This is the first time I have cooked and actually tasted a bulgogi. Bulgogi, I learned after a quick google-ing is a grilled marinated thin slices of beef. Bul means fire in Korean and gogi means meat. In other words, grilled meat (or literally fire meat), but one that I have not tried yet.
I first saw it from use real butter blog, I thought it looks so appetizing and the recipe seemed very doable to me. I have most of the ingredients in stock and it intrigued me that it has apple and pear juices as marinade ingredients, that is new to me….I have to try it, I must!
I stayed true to the recipe but I lack one ingredient: green onions. I will make sure to add it next time because I will definitely make this again, and again and again. Other recipes I saw uses carrots like this one from aeris kitchen. I saw this video from you tube and I posted it too in case you want to see how it’s made. The recipe just varies slightly. This is just my second try on Korean food but not the last for sure.
I thought maybe next time I could roll some in pita bread for my daughter’s school lunch or snack. She had it for school with rice and she loved it. I served it with julienned carrots and cucumber drizzled with small amount of sesame oil.
The recipe’s down there at the end. I hope you like it and try it too :)
from Kitchen Wench
2 lbs (1 kg) thinly sliced beef sirloin, sliced 2-3mm thick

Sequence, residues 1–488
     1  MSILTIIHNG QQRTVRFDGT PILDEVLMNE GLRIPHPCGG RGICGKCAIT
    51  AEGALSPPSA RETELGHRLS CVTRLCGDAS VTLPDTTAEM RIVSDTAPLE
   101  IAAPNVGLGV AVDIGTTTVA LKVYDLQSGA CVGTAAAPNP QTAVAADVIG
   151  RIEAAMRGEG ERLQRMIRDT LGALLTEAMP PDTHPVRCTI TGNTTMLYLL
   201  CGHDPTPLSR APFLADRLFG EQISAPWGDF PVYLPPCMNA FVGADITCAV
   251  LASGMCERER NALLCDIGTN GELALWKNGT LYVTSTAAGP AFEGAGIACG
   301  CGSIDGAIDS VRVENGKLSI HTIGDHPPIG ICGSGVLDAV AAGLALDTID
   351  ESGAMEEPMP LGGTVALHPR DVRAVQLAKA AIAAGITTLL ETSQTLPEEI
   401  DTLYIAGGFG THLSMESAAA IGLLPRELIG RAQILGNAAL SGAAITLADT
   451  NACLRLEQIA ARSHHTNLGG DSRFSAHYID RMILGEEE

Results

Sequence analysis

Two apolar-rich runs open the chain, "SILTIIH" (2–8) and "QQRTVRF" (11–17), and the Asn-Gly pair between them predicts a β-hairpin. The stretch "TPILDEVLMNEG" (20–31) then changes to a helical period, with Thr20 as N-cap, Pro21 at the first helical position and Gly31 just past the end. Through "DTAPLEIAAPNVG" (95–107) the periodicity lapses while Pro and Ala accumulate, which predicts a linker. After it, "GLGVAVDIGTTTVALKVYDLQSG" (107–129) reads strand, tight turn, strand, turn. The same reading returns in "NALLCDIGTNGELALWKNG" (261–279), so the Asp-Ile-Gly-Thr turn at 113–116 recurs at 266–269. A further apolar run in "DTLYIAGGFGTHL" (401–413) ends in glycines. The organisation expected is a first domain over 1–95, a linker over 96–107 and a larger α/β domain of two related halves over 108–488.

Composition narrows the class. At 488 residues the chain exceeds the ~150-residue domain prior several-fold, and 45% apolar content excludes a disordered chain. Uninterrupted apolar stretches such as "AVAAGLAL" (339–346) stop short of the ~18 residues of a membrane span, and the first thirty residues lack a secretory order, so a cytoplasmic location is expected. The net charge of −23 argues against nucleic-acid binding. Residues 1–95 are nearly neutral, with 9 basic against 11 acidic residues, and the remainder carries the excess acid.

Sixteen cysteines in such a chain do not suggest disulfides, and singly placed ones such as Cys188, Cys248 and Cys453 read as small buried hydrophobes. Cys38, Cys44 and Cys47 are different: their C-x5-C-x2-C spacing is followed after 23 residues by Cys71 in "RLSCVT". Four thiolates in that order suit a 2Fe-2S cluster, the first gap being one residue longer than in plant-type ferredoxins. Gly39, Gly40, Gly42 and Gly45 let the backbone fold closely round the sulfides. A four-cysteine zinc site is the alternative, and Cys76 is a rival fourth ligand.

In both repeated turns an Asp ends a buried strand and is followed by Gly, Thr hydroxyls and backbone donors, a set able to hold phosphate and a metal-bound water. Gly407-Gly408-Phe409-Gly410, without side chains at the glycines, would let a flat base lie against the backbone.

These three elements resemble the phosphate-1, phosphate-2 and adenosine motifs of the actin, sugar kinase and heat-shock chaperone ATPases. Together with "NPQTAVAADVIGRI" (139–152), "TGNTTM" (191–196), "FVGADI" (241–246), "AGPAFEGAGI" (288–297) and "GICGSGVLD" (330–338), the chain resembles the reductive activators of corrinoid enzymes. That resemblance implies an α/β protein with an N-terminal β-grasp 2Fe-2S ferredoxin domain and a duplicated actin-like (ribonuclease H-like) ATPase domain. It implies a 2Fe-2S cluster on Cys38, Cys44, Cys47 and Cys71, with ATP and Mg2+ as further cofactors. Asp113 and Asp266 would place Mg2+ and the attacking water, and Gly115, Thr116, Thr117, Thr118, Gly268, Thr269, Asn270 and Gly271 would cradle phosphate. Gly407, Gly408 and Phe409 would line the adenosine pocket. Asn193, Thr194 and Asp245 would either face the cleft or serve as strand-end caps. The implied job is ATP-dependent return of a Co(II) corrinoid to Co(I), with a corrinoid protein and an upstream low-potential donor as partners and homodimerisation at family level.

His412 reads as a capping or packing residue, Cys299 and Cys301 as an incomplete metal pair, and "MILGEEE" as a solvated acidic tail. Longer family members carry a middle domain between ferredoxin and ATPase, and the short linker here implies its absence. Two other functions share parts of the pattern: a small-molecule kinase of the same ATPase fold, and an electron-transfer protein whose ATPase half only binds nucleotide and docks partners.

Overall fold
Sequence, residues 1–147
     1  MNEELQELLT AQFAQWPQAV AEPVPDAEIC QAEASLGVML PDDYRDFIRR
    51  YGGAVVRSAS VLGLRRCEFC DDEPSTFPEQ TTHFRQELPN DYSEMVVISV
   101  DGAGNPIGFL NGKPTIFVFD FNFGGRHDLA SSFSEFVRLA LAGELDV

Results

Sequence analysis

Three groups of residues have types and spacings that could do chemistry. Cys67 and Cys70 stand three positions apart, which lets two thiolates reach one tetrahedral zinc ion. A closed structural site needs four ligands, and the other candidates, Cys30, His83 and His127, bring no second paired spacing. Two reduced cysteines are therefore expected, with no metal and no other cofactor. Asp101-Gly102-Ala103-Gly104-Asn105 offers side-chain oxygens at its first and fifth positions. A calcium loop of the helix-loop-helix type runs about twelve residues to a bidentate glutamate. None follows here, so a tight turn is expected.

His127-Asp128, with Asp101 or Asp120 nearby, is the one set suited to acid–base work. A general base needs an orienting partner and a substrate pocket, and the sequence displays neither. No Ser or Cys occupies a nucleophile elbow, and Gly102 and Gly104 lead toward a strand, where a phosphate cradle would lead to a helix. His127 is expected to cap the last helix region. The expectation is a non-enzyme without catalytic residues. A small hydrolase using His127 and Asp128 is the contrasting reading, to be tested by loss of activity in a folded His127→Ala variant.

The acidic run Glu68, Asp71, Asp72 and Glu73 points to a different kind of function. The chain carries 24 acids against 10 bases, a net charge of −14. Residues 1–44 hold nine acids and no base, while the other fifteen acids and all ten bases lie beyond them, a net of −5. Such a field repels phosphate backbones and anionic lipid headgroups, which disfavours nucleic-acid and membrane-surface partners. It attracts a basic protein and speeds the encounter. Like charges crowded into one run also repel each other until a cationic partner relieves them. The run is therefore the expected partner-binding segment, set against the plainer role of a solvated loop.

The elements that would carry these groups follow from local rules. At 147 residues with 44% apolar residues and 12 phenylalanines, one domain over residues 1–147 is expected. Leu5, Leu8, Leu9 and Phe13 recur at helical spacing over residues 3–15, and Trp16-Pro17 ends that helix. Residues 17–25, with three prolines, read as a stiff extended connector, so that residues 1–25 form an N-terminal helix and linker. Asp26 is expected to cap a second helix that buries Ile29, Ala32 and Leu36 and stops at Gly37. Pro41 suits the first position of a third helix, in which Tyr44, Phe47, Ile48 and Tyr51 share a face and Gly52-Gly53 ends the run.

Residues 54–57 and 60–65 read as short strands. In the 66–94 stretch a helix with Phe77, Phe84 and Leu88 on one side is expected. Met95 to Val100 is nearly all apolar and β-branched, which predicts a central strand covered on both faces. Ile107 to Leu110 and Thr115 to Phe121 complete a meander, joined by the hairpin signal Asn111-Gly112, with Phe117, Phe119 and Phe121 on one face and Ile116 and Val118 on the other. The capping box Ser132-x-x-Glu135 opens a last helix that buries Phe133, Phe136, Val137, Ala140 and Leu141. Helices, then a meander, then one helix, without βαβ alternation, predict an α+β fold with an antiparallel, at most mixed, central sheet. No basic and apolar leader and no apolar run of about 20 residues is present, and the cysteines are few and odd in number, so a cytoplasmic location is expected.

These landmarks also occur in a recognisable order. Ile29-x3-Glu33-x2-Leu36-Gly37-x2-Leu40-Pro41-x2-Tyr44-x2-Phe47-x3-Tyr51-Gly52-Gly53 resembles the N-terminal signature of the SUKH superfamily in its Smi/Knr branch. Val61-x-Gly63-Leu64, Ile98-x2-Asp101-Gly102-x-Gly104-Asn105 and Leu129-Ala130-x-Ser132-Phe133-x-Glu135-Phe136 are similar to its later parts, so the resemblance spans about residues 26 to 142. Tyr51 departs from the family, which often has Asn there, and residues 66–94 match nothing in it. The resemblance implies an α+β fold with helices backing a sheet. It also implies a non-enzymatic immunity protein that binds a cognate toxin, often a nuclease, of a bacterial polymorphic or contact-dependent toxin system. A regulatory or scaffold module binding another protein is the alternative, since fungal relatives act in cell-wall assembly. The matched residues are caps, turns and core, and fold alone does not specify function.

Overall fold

5 cloves garlic, crushed
1 medium yellow onion, peeled
1 nashi/Asian pear, peeled (I used china pear)
1 sweet apple, such as fuji, grated
2/3 cup Korean soy sauce (’kanjang’) or any soy sauce you have available
2 tbsps toasted sesame seed oil
2-4 tbsps sugar (this will depend on the sweetness of your pear)
2 green onions, finely sliced
freshly ground black pepper, to taste
If you can’t find the beef already sliced, ask your meat vendor to slice the meat thinly or you can freeze the meat and then thaw it overnight in the refrigerator. Using a sharp and heavy knife, slice the half-thawed beef against the grain. Squeeze juice from the apple over the sliced beef and set aside. Grate the onion (put your onion into the freezer for a few minutes so it won’t sting your eyes when you grate it) and pear into pulp.
Mix the pear and onion pulp with the soy sauce and crushed garlic. If it’s not sweet enough for your tastes, add sugar and taste until it meets your liking. Place the meat in a bowl or a ziploc bag and pour in the marinade. Add the sesame seed oil, sliced green onions, and black pepper.
Massage the marinade into the meat for about 1-2 minutes, making sure none of the slices of beef are stuck together and that the marinade has been distributed evenly. Cover the bowl with plastic or seal the ziploc bag and refrigerate for at least a few hours, ideally overnight, and cook over a griddle or in an unoiled non-stick frying pan.
I drizzled the juice from the pan back into the cooked meat because it was a bit dry